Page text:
As humans, we are severely limited in our capability to understand, visualize or perceive dimensions beyond the spatial 3 dimensions. We can also perceive changes in time, which gives us the ability to visualize 4-D changes and patterns. However, it is extremely unintuitive for us to understand spaces that are any higher than 3D. I remember reading about this first in Michio Kaku’s Hyperspace, where he constructs an analogy between us and fictional 2D beings, that can only perceive two dimensions. These beings would look at everything in 2D, so we (3D beings) would look as contours constantly changing shapes, since they are projected onto the 2D plane that those beings can see.
Today, since we have very different kinds of data that is often high dimensional – “HD” – (different from Big Data!) there is an increasing appetite for methods that allow us to visualize patterns and changes in these HD spaces. Areas such as topological data analysis (TDA) attempts to solve these problems using tools from Topology, a field in mathematics that has been very popular since the 1930s. Ayasdi a data startup founded by Gunner Carlsson of Stanford, attempts to provide solutions to data problems using topological tools, it recently raised $55M in funding, and is seeing ~400% growth!
High dimensional data visualization is important and needs more attention from mathematicians and engineers. Interestingly a recent TED talk this year spoke about Sensory Substitution, which is basically the process where you take high dimensional real world signals such as images, audio etc. and map them to a much lower dimensional space and feed the low dimensional signal to the brain via different sensory inputs such as electrodes on the tongue, or tactic feedback on the skin etc. The claim is that the brain can automatically learn to “see” or “hear” given a few weeks of training with these new “eyes” or “ears”, since all perception happens in the brain. It is very inspiring and gives a lot of hope for people who have one or more of their primary senses which do not work as they were designed.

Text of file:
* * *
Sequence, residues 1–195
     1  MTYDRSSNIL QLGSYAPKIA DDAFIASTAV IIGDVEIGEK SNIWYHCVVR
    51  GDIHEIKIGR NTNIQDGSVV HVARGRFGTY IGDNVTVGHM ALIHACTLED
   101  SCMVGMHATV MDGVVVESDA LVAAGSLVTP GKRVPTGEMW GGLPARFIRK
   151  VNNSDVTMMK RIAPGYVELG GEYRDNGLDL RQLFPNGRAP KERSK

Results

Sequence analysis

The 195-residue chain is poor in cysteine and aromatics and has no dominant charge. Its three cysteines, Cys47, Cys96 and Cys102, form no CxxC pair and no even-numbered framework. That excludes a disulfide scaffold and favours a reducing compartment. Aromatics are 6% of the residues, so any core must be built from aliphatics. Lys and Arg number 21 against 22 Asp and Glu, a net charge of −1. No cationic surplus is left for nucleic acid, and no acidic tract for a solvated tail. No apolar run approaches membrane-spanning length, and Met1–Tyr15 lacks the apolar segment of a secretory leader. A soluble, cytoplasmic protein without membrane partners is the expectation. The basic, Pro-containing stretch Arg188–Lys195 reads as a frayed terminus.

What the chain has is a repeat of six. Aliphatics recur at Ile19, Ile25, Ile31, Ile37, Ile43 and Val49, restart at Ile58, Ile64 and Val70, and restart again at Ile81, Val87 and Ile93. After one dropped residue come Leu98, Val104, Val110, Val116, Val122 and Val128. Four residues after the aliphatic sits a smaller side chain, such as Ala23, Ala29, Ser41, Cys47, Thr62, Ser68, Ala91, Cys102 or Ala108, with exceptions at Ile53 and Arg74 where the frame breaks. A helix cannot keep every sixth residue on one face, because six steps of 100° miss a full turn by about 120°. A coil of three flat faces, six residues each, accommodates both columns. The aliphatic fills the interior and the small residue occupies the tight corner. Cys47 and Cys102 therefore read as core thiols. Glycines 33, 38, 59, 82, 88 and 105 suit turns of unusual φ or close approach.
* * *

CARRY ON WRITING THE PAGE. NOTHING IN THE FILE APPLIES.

Now imagine, instead of “visualizing” 3D data all the time what if we could map dimension #4 to an auditory signal, #5 to a tactile signal, #6 to some other type of signal and have a human “perceive” the data (here I refer to perception as the generalization of visualization). How effective are we, as humans, in obtaining all this information at once and understanding the patterns in the high dimensional space? We will encounter cognitive overload, where beyond a certain point our brain cannot make any sense of the patterns. But as long as we operate within that limit, it will be very exciting to see how we understand 6- dimensional data. An added benefit is that we can map very HD data to 6 dimensions which a whole lot better than mapping it to 3 dimensions (see curse of dimensionality).
Going even further, if we perfect the art of data perception in HD spaces, can we also perceive why some machine learning algorithms fail and some don’t? Can we perceive boundaries between classes in massive datasets? The interesting thing about these questions is that I am not sure who could answer it better – a neuroscientist or an engineer!